It is clear that this study does not allow to draw definitive conclusions, but it should be regarded as a preliminary study, which could support the hypothesis that the Athens QRS score may reflect small vessel dysfunction. The next step, which will overcome the limitations of the presently available data, will be to perform coronary angiography and coronary flow reserve assessment, in order to definitively test the truth of our hypothesis.

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Conclusions:

Type II diabetics with negative treadmill stress testing and no other evidence of coronary artery disease yield abnormal values for the Athens QRS score. This may be an expression of small vessel dysfunction or disease, a hypothesis that merits further investigation in order to be tested.

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References

1. Michaelides AP, Triposkiadis FK, Boudoulas H, Spanos AM, Papadopoulos PD, Kourouklis KV, Toutouzas PK. New coronary artery disease index based on exercise induced QRS changes. Am Heart J 1990;120:292.
2. National Diabetes Data Group. Classification and diagnosis of diabetes mellitus and other categories of glucose intolerance. Diabetes 1979;28:1039-1057.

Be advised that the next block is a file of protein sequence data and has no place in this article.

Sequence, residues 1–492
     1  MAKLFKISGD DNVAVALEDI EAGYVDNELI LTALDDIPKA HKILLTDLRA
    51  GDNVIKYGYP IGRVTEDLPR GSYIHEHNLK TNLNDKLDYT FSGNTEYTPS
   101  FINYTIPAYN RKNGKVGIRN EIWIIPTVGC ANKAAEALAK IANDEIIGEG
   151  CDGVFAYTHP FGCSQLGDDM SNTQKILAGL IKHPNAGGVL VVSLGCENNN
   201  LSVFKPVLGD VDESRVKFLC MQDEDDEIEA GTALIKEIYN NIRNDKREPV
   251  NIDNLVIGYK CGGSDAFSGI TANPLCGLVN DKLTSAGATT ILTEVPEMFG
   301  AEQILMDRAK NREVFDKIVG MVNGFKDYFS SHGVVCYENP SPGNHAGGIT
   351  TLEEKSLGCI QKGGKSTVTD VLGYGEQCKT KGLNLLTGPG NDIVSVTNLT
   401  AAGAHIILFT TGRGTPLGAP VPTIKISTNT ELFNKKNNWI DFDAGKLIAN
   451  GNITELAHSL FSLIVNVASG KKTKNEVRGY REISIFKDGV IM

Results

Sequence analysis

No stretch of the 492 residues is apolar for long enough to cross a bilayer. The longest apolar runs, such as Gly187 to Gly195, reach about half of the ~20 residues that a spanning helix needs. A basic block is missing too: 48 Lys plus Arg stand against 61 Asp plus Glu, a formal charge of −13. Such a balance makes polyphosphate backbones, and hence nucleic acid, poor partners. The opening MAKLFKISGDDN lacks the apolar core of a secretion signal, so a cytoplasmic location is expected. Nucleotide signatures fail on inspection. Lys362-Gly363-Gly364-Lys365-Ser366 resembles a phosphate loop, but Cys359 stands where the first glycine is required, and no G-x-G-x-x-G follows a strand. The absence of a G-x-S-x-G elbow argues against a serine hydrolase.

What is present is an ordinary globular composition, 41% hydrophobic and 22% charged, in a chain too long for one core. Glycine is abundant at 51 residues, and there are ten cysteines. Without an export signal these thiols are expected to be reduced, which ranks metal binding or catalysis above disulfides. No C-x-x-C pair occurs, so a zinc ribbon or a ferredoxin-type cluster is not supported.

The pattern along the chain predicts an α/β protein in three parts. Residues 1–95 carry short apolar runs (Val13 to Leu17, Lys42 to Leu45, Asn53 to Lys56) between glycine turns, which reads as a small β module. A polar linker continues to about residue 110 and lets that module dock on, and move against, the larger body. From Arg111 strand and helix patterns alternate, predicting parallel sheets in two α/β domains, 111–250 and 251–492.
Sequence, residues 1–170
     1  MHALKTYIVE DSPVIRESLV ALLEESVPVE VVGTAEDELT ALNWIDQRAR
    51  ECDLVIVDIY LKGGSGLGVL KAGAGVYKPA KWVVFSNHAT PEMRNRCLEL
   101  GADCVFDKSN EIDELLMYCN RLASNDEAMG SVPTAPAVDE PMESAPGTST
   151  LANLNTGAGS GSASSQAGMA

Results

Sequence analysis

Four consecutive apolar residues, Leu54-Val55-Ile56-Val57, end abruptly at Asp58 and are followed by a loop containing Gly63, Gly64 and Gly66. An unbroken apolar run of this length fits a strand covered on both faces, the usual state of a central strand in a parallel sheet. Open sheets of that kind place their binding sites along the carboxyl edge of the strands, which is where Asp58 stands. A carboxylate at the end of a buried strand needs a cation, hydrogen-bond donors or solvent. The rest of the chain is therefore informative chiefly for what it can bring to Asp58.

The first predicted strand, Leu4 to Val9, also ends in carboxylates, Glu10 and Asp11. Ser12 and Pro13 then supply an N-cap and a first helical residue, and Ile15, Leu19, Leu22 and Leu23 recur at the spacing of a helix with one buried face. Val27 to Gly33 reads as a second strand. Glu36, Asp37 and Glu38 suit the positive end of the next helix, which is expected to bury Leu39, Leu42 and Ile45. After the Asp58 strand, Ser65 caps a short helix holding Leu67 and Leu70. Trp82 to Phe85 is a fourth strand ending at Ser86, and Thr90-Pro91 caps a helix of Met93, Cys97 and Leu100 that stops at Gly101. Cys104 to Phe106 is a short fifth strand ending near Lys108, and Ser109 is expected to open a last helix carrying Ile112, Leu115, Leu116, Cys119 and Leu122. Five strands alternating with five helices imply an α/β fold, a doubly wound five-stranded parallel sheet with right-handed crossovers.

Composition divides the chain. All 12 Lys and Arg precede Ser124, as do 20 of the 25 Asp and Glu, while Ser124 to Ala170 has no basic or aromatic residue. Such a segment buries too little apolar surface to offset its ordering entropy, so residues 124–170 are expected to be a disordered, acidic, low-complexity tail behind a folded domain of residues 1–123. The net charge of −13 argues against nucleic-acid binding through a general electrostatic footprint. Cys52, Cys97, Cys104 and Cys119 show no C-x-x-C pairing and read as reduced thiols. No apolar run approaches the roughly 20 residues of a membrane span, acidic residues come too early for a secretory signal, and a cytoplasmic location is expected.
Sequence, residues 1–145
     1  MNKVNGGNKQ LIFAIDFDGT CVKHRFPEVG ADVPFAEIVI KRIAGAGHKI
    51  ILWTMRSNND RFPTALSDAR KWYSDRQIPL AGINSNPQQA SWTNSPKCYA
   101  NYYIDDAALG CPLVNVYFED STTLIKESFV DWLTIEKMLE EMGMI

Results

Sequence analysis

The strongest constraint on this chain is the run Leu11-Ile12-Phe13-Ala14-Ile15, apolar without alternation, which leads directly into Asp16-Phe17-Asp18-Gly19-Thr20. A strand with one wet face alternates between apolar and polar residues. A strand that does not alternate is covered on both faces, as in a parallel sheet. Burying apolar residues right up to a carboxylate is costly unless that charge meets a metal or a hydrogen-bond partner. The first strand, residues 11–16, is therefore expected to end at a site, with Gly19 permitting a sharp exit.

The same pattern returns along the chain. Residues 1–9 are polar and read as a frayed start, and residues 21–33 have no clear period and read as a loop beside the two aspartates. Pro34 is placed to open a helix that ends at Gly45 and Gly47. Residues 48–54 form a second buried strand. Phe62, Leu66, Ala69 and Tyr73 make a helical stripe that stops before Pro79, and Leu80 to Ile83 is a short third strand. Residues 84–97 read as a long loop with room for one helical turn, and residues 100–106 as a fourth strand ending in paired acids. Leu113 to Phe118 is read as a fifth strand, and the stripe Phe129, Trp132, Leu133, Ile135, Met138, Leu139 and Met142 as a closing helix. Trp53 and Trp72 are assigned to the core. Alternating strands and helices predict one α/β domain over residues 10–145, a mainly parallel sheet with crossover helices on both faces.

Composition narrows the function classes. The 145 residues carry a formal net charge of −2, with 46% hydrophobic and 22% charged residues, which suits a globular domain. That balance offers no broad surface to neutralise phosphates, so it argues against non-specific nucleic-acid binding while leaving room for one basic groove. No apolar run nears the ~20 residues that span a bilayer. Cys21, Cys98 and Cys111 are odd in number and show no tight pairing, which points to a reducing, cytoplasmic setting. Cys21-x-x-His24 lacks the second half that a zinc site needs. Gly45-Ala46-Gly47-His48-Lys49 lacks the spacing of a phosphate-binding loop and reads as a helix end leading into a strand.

3. Braunwald E (ed.). Heart Disease, a textbook of cardiovascular medicine. 5th Edition. WB Saunders Company, Philadelphia 1997, pp. 153-176.
4. Van Campen CMC, Visser FC, Visser CA. The QRS score: a promising new exercise score for detecting coronary artery disease based on exercise induced changes of Q-, R- and S-waves: a relationship with myocardial ischemia. Eur Heart J 1996: 17: 699-708.
5. Kranidis A, Zamanis N, Mitrakou A, Patsilinakos S, Bouki T, Tountas N, Anthopoulos P, Raptis S, Anthopoulos L. Coronary microcirculation evaluation with transesophageal echocardiography Doppler in type II diabetics. Int J Cardiol 1997;59(2):119-124.
6. Strauer BE, Motz W, Vogt M, Schwartzkopff B. Impaired coronary flow reserve in NIDDM. A possible role for diabetic cardiopathy in humans. Diabetes 1997;46 Suppl 2: S119-S124.

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Questions, contributions and commentaries to the Authors: send an e-mail message (up to 15 lines, without attachments) to coronary-pcvc@pcvc.sminter.com.ar , written either in English, Spanish, or Portuguese.